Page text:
The hamlet of Honeoye was first inhabited thousands of years ago by the Point Peninsula Indians, followed by the Seneca of the Iroquois nation. During the American Revolution, American troops built a small garrison there known as Fort Cummings in order to drive the Seneca from the frontier. The Indians had allied with the British, thereby attacking American settlers living in the area. As a result, George Washington ordered the destruction of the Seneca villages, crops, and people.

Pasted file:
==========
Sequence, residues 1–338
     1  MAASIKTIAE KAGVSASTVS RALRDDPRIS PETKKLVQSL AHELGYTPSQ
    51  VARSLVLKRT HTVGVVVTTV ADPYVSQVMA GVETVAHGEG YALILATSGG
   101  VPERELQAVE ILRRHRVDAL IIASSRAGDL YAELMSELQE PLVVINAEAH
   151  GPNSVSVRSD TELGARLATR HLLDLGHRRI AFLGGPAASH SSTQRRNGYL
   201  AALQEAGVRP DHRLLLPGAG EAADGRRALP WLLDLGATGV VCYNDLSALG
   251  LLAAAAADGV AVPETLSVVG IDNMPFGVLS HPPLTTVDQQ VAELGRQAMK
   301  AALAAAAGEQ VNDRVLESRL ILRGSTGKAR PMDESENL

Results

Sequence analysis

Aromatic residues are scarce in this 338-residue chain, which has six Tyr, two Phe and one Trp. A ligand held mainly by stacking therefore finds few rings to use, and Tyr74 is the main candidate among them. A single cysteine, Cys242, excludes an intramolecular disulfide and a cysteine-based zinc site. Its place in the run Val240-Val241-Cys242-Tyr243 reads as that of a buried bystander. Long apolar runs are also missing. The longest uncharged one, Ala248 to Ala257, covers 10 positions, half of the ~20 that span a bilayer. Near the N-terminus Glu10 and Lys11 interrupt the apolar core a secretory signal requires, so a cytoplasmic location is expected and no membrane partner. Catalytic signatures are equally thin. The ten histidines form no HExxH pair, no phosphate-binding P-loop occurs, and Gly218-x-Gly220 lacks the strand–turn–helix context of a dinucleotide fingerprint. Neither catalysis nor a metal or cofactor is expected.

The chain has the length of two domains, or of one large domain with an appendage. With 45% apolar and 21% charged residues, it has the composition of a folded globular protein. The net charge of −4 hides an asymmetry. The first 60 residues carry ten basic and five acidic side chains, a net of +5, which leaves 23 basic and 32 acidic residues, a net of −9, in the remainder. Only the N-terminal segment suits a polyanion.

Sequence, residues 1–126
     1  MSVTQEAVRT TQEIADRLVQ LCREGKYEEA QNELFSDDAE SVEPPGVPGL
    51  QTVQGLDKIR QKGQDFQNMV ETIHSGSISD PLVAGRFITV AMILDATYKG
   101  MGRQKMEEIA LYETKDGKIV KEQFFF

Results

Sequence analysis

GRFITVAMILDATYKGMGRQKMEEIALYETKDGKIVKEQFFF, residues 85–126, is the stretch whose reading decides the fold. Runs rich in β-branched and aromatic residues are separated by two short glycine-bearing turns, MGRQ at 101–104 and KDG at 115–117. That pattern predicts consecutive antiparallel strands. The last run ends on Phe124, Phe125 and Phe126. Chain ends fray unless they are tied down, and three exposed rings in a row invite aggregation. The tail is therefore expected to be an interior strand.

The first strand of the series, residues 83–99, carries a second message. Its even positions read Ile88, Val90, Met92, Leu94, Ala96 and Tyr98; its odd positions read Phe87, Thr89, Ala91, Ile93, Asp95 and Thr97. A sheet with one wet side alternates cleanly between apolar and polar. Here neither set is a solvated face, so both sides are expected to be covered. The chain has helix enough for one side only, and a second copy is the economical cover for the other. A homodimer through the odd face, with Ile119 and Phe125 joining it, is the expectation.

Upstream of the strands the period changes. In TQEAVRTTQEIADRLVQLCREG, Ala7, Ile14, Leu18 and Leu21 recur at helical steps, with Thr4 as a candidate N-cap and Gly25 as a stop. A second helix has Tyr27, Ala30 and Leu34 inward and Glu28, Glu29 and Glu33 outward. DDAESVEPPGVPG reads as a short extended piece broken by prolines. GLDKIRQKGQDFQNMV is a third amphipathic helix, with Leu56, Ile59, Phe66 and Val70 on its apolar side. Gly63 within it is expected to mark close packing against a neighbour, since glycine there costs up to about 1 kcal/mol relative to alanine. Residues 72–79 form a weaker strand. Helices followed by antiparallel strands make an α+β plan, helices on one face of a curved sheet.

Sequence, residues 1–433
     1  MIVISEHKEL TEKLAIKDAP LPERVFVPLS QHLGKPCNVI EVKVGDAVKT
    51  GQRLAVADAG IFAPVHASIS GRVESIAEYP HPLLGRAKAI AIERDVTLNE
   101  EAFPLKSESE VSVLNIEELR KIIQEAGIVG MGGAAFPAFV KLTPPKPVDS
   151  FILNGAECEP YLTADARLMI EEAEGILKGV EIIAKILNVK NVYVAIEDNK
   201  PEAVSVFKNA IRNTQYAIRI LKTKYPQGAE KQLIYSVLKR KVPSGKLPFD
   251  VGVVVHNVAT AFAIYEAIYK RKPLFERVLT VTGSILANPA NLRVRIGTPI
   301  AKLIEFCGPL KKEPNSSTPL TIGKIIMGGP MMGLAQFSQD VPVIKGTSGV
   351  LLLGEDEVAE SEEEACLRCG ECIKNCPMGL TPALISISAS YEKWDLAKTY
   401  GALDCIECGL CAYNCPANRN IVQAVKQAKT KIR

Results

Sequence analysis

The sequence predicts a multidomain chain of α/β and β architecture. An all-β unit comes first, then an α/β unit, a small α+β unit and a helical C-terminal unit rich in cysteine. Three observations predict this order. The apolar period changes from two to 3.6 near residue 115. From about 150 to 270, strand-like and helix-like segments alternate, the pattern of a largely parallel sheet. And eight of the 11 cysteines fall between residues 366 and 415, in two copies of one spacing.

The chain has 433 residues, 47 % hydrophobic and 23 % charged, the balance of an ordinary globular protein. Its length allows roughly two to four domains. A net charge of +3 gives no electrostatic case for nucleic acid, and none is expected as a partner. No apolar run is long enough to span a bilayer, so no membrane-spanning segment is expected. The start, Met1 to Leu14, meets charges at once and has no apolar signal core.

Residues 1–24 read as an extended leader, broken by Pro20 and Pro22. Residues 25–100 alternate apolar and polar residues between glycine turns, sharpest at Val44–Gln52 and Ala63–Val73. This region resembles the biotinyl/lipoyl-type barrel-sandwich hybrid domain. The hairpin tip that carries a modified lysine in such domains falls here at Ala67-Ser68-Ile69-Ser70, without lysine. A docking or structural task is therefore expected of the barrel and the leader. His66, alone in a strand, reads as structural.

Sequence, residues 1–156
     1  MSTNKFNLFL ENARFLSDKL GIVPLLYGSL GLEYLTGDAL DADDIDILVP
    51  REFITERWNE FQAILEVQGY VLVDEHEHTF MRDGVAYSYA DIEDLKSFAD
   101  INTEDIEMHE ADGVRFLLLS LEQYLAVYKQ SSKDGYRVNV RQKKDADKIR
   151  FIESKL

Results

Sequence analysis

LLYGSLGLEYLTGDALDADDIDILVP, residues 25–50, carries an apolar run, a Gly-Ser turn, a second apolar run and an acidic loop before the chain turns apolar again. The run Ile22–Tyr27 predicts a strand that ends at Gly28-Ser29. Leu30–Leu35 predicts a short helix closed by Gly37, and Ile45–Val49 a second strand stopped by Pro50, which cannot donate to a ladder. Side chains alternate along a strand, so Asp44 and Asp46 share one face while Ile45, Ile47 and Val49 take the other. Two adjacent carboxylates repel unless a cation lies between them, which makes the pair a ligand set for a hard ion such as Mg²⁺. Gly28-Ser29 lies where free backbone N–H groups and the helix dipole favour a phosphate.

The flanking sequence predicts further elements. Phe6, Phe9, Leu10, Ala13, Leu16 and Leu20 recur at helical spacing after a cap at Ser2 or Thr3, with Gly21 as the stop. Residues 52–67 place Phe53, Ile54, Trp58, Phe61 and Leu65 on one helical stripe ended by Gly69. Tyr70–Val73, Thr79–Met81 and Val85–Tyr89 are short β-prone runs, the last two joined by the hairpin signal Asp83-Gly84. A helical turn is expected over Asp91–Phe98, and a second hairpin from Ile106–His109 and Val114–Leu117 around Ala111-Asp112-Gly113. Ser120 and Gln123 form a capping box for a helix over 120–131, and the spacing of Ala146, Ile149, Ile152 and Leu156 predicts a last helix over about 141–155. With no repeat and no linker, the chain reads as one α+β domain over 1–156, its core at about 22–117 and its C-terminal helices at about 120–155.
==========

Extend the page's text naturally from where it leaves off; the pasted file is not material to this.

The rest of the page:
After the War, some of these soldiers chose to return and resettle in western New York because of its fertile soil. In the mid-19th century, this area had numerous abolitionists, feminists, and other progressive activists. Stations of the Underground Railroad were founded in western New York to help convey escaped slaves to freedom in Canada.
Honeoye remained a largely agricultural community until the early part of the 20th century, when many wealthy people from Rochester, New York took interest in Honeoye Lake as a resort area. Its relatively shallow depth gave it warmer temperatures than the Great Lakes.